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Manhunt: The 12-Day Chase for Lincoln's Killer (P.S.) Paperback – February 6, 2007
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The Greatest Manhunt in American History
For 12 days after his brazen assassination of Abraham Lincoln, John Wilkes Booth was at large, and in Manhunt, historian James L. Swanson tells the vivid, fully documented tale of his escape and the wild, massive pursuit. Get a taste of the daily drama from this timeline of the desperate search.
From Publishers Weekly
Thomas has done many solid jobs of acting in all mediums since his television days on The Waltons, but it's the memories of the wide open American country tones of his flexible voice that add immeasurably to his reading of the audio version of Swanson's intensive new book about the assassination of Abraham Lincoln and the full-throttle hunt for the conspirators who planned and carried out the deed. Thomas's nuanced but never hyped narration serves as a seamless link between the words of the individual characters he brings to life. Some of the voices work better than others: his Lincoln is perhaps a bit too young and straightforward, especially compared to the darker, richer oratory of actors connected to the role such as Raymond Massey. But his John Wilkes Booth is just about perfect, catching the desperation and increasing lunacy of an actor getting ready for his role in history. And the other major characters—plotters, hunters, politicians, distraught family members—all bring a familiar story to exciting new life.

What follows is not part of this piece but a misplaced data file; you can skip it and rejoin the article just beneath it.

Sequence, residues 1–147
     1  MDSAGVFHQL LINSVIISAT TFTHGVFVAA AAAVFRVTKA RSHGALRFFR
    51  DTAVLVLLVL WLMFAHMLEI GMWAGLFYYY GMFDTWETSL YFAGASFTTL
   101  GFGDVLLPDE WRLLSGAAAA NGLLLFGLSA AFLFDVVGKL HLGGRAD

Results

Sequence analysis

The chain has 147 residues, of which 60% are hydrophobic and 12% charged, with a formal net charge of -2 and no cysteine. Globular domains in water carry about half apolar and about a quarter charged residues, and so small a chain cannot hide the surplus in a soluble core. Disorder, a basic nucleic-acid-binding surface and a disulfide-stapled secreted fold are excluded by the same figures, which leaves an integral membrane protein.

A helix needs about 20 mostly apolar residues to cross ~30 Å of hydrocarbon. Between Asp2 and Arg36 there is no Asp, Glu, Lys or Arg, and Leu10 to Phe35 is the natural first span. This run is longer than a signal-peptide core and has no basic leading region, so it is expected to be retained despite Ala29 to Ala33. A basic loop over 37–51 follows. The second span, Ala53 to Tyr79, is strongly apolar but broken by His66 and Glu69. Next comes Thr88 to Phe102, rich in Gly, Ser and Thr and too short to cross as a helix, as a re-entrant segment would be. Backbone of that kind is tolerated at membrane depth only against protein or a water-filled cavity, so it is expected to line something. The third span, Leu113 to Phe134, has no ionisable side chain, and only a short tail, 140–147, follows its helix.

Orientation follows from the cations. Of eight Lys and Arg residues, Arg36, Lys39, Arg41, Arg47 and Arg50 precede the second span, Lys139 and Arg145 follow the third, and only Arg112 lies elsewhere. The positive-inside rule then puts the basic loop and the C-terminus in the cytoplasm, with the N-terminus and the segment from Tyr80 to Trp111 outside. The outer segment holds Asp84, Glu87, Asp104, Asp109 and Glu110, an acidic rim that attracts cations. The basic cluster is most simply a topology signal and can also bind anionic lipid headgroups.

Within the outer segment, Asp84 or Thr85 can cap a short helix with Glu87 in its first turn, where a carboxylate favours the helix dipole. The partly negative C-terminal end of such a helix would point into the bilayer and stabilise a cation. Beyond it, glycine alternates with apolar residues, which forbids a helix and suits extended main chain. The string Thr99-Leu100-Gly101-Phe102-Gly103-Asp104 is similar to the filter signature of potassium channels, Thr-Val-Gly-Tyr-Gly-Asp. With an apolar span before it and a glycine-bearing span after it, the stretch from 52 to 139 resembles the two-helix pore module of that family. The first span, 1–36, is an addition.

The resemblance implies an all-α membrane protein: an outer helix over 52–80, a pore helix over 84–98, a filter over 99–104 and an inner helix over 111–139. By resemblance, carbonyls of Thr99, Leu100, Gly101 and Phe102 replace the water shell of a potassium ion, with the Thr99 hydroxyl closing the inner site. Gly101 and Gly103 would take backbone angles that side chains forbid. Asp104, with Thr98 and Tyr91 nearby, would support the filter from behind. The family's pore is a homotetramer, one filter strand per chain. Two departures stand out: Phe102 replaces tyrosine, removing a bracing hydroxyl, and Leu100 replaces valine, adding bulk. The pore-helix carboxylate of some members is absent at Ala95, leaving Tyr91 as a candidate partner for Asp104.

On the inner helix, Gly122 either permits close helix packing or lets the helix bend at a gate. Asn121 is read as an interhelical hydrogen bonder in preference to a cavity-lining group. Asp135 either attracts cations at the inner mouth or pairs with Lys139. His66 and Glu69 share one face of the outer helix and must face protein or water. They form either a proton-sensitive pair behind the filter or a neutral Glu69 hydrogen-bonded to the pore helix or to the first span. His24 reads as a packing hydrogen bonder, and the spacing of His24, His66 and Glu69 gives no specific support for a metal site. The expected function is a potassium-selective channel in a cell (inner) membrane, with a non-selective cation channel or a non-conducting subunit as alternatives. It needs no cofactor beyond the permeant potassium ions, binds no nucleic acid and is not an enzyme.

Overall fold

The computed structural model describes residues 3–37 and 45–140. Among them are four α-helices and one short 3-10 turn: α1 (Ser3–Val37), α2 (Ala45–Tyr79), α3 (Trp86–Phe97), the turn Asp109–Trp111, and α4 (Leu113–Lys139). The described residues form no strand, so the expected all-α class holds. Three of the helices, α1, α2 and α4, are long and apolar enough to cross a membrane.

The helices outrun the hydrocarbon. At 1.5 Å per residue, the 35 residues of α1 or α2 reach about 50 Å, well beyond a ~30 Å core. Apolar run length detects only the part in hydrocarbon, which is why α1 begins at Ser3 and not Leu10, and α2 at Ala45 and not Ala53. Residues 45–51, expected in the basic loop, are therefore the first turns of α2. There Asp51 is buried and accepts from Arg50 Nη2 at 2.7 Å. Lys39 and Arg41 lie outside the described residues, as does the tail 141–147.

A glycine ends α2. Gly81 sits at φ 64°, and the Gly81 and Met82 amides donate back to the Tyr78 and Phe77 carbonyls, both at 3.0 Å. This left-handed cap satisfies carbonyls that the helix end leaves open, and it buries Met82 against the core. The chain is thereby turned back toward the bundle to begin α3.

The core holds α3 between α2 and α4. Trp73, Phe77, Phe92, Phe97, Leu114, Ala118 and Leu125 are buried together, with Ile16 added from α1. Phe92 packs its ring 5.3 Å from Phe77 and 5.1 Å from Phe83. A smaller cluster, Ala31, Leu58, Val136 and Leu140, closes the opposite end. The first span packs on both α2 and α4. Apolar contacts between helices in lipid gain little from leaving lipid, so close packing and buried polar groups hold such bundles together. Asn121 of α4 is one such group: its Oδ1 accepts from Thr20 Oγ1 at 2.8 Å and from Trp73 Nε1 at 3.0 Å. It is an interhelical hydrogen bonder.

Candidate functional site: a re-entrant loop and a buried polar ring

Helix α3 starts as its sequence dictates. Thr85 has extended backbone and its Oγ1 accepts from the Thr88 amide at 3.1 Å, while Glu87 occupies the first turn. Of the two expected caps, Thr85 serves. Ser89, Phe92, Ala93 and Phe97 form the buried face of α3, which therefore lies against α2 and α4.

Copyright © Reed Business Information, a division of Reed Elsevier Inc. All rights reserved. --This text refers to an out of print or unavailable edition of this title.
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The prose made the book felt like a NYT bestselling crime thriller. Swanson fully captures the readers attention immediately and never let's it loose from his grasp. Swanson does not write a mini biography on Lincoln or Booth, but instead focuses almost entirely on the manhunt, which is what separates this book from others. Its narrow and complete focus makes capitivating details easy to remeber, and unleashes an insatiable desire for more information.
One thing that I wished there was more of would be accounts of the failed raids and deaths of those involved in searching for Lincoln. Dozens of volunteers and soldiers met their demise while searching for the killers through swamps and in other inhospitable terrain. Also, the death of Lafayette C Baker is unfortunately inadequately covered. I'm not a fan of the conspiracy theory involving Baker and Stanton and consider it hogwash but it would have been a felicitous excerpt.